During the first half of the 19th century, as thousands of Americans journeyed westward in search of new fortunes, necessity became the mother of invention as would-be farmers were forced to adapt to new climates and topographies that were unlike anything they had ever seen before. Since the Great Plains generally lacked the forests and fast-moving streams found along the nation’s eastern seaboard, settlers became increasingly reliant on wind power to drive their granaries and pump their water wells. American inventors seized upon the trend, applying for dozens of windmill-related patents in the course of a single decade, from 1850 – 1859.
One innovative design stood out among the rest, however. On August 29, 1854, Daniel Halliday of Ellington, Connecticut received a patent for an adaptable “wind wheel” design that changed the direction of its sails when encountering different wind speeds without requiring any human oversight. This deceptively simple, self-adapting windmill revolutionized the fledgling wind-power industry in the United States: Before Halladay’s invention, windmills were routinely torn apart during periods of high winds and severe thunderstorms, which were much more common in the Midwest than in New England.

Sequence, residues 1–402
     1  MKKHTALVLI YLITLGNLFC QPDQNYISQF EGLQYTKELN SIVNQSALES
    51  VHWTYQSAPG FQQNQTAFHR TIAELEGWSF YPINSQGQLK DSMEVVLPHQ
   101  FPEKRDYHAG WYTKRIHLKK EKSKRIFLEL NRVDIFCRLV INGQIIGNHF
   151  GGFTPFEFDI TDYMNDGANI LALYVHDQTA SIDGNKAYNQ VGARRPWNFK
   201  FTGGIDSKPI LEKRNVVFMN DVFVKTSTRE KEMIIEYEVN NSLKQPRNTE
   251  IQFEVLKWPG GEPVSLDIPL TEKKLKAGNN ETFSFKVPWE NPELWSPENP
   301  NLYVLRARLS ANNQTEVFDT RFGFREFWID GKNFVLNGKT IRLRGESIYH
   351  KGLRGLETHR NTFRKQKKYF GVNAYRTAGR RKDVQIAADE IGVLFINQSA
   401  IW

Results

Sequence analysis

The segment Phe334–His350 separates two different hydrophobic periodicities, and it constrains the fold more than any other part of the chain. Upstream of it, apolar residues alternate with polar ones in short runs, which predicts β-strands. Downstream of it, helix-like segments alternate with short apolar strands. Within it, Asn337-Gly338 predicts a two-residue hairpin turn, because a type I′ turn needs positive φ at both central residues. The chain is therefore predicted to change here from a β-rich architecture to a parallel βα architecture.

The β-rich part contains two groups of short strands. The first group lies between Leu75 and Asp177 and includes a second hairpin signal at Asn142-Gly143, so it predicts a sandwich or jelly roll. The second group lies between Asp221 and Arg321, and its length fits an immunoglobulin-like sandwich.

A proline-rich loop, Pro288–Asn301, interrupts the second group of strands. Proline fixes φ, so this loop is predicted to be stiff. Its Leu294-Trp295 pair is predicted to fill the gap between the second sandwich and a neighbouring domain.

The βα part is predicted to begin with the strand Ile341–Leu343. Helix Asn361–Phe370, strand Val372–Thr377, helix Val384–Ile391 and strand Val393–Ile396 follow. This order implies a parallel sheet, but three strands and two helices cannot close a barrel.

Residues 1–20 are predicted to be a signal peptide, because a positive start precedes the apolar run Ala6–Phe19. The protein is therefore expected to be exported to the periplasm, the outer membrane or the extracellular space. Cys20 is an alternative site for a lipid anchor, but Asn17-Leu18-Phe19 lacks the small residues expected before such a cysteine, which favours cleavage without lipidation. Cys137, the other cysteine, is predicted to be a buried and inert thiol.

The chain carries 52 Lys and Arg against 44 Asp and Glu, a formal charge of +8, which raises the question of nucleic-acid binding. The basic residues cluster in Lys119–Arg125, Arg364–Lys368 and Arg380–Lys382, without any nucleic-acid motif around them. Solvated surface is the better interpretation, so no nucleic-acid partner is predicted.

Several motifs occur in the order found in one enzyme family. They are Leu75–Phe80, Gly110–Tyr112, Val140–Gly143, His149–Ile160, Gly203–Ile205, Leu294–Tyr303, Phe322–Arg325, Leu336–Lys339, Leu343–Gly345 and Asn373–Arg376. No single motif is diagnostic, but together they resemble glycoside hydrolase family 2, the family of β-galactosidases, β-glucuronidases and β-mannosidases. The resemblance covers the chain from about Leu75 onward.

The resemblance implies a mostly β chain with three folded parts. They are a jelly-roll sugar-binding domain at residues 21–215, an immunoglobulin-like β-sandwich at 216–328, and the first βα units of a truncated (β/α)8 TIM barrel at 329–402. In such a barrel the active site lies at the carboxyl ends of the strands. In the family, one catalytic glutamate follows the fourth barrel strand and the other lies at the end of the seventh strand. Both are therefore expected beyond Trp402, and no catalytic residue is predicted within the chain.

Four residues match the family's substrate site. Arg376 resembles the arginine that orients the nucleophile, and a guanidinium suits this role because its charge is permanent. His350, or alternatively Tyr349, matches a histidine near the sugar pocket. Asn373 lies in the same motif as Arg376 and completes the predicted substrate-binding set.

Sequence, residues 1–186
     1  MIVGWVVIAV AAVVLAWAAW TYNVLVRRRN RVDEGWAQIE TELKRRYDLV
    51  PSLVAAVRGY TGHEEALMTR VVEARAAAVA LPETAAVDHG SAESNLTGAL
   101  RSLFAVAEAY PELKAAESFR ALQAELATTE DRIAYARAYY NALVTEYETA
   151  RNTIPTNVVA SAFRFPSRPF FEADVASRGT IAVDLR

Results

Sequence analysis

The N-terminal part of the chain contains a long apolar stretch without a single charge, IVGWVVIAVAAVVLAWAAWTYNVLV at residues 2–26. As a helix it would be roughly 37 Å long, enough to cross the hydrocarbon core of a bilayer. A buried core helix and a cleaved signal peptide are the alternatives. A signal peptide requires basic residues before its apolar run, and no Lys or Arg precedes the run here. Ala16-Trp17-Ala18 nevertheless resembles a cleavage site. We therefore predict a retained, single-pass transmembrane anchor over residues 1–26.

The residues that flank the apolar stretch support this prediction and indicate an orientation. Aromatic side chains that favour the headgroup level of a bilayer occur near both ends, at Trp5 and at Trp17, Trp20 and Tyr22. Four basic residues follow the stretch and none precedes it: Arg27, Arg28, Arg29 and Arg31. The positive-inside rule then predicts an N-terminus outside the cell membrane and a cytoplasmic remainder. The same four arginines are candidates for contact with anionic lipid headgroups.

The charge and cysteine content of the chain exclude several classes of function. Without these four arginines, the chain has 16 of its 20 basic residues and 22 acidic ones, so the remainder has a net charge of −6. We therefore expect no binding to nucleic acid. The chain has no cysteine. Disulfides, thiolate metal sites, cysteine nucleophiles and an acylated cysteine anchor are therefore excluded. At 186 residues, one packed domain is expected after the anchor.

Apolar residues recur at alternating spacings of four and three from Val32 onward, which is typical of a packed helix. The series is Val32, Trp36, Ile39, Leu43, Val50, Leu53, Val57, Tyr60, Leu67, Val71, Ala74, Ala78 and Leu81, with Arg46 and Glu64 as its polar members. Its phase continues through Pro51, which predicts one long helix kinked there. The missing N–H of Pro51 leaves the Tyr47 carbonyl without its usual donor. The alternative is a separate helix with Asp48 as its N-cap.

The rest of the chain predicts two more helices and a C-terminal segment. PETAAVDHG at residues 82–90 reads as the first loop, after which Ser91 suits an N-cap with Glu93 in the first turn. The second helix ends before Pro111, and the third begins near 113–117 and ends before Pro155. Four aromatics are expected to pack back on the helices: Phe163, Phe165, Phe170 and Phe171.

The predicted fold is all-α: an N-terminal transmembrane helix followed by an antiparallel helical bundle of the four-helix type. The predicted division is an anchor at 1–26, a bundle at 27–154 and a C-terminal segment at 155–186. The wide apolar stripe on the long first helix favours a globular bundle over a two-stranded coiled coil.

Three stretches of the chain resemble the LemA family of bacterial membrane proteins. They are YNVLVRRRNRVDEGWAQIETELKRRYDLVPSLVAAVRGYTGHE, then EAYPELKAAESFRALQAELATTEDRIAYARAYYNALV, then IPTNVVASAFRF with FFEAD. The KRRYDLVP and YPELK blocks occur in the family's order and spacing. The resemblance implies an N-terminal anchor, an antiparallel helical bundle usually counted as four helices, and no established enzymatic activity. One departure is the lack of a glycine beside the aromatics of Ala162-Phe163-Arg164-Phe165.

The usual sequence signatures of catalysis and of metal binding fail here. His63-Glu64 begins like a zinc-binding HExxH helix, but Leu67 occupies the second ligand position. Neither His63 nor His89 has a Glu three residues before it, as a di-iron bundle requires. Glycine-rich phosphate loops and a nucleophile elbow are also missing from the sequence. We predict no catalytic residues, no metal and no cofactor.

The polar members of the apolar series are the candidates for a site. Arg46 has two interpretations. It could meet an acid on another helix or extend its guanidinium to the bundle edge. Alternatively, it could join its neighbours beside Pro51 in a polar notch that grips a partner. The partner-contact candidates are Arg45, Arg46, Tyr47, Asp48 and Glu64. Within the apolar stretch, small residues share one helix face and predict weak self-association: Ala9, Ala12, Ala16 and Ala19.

Soon after receiving his patent, Halladay founded the Halladay Wind Mill Company and moved his operations to nearby Coventry. Demand for his windmills was so high, however, that he soon sold his company at a handsome profit to the United States Wind Engine Company, which moved production westward to Illinois during the Civil War. “Halladay windmills” remained popular through the end of the century, with thousands being produced annually to grind grain and provide water for farms, towns, and even railroad companies.
“Halladay’s Revolutionary Windmill,” connecticuthistory.org
Daniel Halladay, “U.S. Patent 11629: Wind Wheel,” Google Patents Database